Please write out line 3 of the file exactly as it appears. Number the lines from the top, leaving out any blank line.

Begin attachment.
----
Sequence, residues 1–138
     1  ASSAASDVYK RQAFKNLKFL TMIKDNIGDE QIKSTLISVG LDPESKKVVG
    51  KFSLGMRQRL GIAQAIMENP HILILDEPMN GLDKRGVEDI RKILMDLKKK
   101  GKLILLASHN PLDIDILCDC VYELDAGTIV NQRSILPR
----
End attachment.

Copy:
    51  KFSLGMRQRL GIAQAIMENP HILILDEPMN GLDKRGVEDI RKILMDLKKK